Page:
Employers should think twice before drug-testing every job applicant since workers’ state-law rights for marijuana use are quickly on the rise. Marijuana use by adults in the U.S. almost doubled between 1984 and 2015, it remains illegal under federal law, yet there is a “march toward legality” across the country under state law, a conflict that is confusing to employers.

Safety First, a drug-testing division of Behavioral Health Systems, has had clients remove marijuana from their testing panels as a direct result of changes in state law,” said Judi Braswell, vice president of business development with the parent company, headquartered in Birmingham, Ala. She added that some in certain industries, such as hotel and hospitality, don’t implement marijuana-testing programs due to concerns that firing those who test positive would cause significant staffing issues.

The reasons vary. Some test because it’s required by law, such as with Department of Transportation-covered employees, or because the position is deemed to be safety-sensitive. Others test because they’ve always tested. Many employers in or near states where marijuana has been legalized increasingly are dropping marijuana from drug-test panels.

Attitudes about the use of marijuana are changing, with a recent national poll suggesting that 60 percent of people in the U.S. favored the legalization of marijuana. Some employers don’t test for marijuana because it remains in the body for weeks. So a positive test result may not necessarily mean that an employee is impaired at work.


State-Law Patchwork

In several states – including Connecticut, Maine, and Massachusetts – courts have ruled that an employee testing positive for marijuana has a viable claim against an employer for enforcing drug-free workplace policies.

In 12 states – Arkansas, Arizona, Connecticut, Delaware, Illinois, Maine, Massachusetts, Minnesota, Nevada, New York, Pennsylvania, and Rhode Island – medical marijuana users have certain job protections, so pre-employment screens or random screens could trigger job protections in those states. That doesn’t mean an employer can’t screen for it, pull a job offer or terminate for a positive marijuana test result.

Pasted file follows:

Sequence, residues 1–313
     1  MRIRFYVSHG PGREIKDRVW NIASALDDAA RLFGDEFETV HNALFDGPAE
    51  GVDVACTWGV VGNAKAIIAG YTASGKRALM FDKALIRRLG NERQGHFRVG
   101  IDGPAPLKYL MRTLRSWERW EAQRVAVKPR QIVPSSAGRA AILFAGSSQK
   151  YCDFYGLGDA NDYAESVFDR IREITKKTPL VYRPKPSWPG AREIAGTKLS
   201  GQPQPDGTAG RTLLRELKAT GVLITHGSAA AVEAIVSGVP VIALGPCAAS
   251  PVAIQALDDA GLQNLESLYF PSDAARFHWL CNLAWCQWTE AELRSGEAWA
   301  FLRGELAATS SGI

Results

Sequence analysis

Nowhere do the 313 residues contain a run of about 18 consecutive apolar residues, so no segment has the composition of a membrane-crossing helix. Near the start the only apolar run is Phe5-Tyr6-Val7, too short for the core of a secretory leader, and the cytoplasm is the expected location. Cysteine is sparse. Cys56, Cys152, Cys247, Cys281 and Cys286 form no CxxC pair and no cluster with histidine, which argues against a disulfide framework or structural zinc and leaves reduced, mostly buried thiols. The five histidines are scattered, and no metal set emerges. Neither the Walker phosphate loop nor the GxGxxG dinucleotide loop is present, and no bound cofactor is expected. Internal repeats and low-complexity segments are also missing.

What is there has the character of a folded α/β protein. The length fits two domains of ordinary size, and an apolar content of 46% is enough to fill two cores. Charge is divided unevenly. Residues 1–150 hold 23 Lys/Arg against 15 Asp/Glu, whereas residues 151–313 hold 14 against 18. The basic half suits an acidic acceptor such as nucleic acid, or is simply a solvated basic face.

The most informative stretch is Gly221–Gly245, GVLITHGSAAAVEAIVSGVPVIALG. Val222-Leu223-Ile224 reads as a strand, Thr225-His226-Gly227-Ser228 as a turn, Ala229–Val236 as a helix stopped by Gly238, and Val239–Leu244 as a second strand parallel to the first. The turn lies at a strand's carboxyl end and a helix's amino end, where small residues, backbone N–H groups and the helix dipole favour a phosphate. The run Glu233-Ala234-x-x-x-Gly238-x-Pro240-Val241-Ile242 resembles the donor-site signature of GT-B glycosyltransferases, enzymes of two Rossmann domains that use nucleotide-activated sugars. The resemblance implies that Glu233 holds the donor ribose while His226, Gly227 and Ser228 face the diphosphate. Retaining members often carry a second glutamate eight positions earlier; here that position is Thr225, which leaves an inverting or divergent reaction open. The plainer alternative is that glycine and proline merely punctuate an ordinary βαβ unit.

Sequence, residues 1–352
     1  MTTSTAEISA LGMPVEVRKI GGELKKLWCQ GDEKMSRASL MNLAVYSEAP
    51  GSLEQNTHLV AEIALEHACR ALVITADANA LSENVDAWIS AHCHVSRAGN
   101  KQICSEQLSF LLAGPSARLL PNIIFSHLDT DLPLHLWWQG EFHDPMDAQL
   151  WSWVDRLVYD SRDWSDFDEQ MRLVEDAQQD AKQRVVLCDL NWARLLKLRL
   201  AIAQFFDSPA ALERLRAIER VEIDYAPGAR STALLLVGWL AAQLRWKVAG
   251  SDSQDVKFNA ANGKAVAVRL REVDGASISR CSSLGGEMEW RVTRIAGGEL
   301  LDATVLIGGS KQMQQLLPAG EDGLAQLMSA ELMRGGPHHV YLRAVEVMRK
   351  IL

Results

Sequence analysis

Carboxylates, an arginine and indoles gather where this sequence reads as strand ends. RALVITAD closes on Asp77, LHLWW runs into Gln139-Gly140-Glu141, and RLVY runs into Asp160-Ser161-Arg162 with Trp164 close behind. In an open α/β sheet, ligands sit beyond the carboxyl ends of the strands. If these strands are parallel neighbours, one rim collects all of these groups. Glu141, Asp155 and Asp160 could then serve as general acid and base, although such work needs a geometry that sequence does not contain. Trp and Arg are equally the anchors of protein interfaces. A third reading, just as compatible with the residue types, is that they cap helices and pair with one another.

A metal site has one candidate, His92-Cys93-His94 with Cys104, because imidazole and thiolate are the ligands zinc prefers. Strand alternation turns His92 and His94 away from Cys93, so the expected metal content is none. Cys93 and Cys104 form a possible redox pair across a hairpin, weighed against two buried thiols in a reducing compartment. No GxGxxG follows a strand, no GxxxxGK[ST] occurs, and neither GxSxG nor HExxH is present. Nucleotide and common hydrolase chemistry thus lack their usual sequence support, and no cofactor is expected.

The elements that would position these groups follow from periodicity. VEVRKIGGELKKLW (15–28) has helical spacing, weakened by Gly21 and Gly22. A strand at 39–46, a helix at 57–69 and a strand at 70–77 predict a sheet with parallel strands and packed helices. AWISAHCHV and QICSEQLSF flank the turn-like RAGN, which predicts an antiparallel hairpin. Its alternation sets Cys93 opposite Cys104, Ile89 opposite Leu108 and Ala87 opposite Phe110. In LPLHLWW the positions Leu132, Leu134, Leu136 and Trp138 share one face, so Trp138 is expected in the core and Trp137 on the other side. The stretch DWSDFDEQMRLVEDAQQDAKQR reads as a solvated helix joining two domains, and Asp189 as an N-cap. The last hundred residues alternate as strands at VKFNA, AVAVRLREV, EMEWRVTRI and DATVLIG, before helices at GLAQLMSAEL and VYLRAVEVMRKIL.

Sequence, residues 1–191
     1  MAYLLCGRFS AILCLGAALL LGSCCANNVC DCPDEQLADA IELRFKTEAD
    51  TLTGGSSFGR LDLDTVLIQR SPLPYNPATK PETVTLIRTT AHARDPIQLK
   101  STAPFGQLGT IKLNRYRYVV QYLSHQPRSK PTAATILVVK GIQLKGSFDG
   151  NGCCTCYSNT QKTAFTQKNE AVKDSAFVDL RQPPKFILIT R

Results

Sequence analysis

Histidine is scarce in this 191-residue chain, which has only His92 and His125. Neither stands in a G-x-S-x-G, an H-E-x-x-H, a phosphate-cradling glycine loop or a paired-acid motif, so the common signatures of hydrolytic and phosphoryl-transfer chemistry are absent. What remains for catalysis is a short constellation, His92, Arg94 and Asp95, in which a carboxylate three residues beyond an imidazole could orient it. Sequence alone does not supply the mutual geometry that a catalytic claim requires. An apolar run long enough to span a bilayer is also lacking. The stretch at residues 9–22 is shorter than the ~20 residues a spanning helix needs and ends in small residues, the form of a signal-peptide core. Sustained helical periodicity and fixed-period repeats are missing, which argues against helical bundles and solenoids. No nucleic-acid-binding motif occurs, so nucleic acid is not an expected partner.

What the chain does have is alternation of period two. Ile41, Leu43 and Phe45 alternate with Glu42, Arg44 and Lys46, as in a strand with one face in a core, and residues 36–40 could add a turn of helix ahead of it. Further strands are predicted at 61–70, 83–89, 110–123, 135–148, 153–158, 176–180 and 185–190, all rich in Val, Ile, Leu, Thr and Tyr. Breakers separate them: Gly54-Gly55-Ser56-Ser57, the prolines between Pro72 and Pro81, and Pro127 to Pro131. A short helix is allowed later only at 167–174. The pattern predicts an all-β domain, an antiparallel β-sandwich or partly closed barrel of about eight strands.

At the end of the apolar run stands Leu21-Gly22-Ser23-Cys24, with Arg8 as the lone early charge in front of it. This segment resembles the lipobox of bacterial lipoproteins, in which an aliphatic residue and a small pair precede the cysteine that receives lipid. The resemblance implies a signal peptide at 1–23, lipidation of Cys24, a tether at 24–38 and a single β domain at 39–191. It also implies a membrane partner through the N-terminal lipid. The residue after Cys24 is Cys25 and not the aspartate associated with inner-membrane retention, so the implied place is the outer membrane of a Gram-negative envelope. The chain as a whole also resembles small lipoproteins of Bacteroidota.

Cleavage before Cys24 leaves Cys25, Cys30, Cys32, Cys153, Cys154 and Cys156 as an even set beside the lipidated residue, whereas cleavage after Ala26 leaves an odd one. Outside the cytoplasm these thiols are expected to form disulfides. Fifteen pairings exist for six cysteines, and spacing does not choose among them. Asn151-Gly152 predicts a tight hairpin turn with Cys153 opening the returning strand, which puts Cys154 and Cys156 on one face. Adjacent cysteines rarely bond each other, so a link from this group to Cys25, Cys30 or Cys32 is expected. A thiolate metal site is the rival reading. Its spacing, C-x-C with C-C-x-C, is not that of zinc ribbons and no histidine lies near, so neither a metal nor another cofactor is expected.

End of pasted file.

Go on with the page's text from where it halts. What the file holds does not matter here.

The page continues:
In deciding how to respond to a positive marijuana test, it is recommended to talk with a job candidate or employee about when they used marijuana, how they used it, and whether they used it at work. This area of the law is moving quickly and at least 17 other states have legalized medical marijuana but don’t yet have anti-discrimination provisions.

Nine states and Washington, D.C., have legalized the use of marijuana use for any reason, but so far Maine is the only state protecting recreational marijuana users in the workplace. Utah and Oklahoma are considering legalizing medical marijuana, and Michigan has a ballot initiative to make marijuana use legal for any reason.

Changing Views in the White House?

While many states are moving toward legalizing marijuana use, it’s unclear if President Donald Trump’s administration will embrace such legalization. Attorney General Jeff Sessions has historically been a “strong advocate” for federal laws prohibiting marijuana use.

In January, Sessions rescinded the federal government’s former, relaxed marijuana enforcement framework under the Obama administration with a memo granting prosecutors the authority to go after anyone violating federal drug laws. But in March, Sessions clarified that he would focus on drug gangs, stating that federal prosecutors “haven’t been working small marijuana cases before” and “are not going to be working them now.”

We still have not seen the Department of Justice (DOP) take any real actions to enforce the law. Trump has promised Sen. Cory Gardner, R-Colo., that Colorado’s legal marijuana industry won’t be affected by Sessions’ actions. Yet any conversation between the senator and the president doesn’t change the fact that marijuana remains a Schedule I controlled substance and thus illegal under federal law.

Additional Steps to Take

Steps HR should take when it comes to marijuana use include:

  • Identifying safety-sensitive jobs.
  • Training supervisors to spot high workers.
  • Ensure managers who want to fire individuals for marijuana use are current on changes in the law.
  • Provide an employee assistance program for those who want to be drug-free.

Let us know what you think.